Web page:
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Psoriasis is often thought of as just a skin problem with scaly red lesions. But more recent understanding has demonstrated that psoriasis is a systemic inflammatory disease associated with an increased risk of other health problems. Psoriatic arthritis develops in approximately 30% of psoriasis patients, with skin manifestations typically preceding joint problems by an average interval of 10 years. Inflammatory bowel disease has been reported to have a high rate of occurrence in people with psoriasis. Perhaps most notably psoriasis is associated with obesity and the metabolic syndrome, which is the triad of obesity, hyperlipidemia, and diabetes mellitus. Psoriasis is a risk factor for cardiovascular disease; chronic inflammation is a hallmark of both conditions. It is also possible that psoriasis increases the risk of congestive heart failure, but this link is not firmly established.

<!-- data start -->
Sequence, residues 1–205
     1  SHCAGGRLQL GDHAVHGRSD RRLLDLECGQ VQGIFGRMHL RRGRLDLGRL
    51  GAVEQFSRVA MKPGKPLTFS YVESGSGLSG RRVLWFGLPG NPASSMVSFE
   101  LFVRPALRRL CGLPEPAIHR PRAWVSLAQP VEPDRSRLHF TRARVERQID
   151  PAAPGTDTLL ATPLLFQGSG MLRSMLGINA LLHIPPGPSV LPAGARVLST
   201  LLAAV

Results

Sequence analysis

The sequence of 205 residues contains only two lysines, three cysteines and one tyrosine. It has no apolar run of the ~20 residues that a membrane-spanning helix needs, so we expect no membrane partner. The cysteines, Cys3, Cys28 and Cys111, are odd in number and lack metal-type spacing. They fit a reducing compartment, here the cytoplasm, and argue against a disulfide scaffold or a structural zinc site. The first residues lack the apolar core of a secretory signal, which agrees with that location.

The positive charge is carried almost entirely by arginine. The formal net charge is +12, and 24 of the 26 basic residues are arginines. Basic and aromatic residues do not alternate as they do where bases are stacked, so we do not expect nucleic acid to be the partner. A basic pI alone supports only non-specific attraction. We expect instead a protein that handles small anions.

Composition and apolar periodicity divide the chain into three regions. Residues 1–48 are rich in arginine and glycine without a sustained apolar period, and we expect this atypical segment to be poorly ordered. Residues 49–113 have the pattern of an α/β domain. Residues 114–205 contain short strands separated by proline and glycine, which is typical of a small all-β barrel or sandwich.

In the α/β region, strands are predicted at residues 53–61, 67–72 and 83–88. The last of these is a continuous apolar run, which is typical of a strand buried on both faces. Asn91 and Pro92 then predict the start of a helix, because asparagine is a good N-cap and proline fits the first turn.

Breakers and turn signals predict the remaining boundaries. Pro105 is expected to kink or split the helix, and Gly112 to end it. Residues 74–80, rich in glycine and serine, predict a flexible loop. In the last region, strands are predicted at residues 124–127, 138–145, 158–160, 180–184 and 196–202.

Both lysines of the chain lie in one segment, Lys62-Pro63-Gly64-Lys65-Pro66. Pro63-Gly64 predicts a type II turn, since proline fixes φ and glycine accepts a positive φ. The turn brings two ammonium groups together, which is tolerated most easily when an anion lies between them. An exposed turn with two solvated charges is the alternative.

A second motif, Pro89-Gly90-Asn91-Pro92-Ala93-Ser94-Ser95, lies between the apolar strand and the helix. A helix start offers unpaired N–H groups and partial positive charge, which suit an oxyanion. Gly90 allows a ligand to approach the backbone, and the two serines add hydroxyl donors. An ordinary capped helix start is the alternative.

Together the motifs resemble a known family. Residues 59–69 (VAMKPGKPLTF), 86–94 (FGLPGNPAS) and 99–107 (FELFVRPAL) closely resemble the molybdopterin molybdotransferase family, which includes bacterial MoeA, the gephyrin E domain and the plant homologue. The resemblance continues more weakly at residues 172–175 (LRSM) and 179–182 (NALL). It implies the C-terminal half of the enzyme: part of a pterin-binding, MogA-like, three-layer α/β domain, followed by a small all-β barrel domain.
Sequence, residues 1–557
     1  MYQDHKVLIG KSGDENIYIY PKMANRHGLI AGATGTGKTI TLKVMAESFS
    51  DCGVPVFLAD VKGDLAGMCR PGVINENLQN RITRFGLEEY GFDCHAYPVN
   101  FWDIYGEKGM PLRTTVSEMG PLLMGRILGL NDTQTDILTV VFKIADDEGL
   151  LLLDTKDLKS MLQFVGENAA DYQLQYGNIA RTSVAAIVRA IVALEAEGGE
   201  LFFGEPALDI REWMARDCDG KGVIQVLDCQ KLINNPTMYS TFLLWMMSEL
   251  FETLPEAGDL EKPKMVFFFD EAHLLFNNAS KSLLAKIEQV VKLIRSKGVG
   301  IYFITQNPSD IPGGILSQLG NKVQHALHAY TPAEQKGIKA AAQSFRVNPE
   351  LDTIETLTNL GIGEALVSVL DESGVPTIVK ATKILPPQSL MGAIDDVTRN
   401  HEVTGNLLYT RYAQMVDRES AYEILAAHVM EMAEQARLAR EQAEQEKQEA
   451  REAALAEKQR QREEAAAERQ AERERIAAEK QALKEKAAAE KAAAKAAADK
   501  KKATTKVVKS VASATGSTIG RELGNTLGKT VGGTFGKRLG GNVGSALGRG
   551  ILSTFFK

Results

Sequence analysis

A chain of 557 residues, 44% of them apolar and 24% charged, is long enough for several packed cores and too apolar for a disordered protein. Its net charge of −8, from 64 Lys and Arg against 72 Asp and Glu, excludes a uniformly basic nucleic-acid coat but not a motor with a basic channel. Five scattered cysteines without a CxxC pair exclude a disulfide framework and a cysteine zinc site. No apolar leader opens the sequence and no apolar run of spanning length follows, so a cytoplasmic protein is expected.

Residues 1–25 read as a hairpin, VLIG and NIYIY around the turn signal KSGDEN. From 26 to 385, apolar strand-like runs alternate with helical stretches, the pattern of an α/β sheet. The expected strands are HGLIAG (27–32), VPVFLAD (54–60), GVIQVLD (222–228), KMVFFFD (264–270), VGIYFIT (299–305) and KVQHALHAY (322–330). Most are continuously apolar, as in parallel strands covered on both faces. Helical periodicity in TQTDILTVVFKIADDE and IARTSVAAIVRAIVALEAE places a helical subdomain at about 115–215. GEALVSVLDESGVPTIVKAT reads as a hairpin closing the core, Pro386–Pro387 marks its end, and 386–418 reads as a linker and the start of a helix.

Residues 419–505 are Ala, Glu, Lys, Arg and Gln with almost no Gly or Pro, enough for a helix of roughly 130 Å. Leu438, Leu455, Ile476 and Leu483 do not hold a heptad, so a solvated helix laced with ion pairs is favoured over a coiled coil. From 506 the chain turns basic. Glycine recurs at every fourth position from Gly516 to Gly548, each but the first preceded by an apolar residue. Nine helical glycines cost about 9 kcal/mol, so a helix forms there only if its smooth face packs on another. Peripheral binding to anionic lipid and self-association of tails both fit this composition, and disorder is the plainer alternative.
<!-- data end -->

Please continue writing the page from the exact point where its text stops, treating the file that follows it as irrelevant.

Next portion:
It is important that you inform your doctor of your complete medical history. A dermatologist experienced in treating psoriasis will take your other medical conditions and risk factors into account when determining your best treatment. In addition to topical agents, such as steroids, or excimer laser therapy, this may include systemic agents known as biologics, which can reduce the systemic inflammation associated with psoriasis.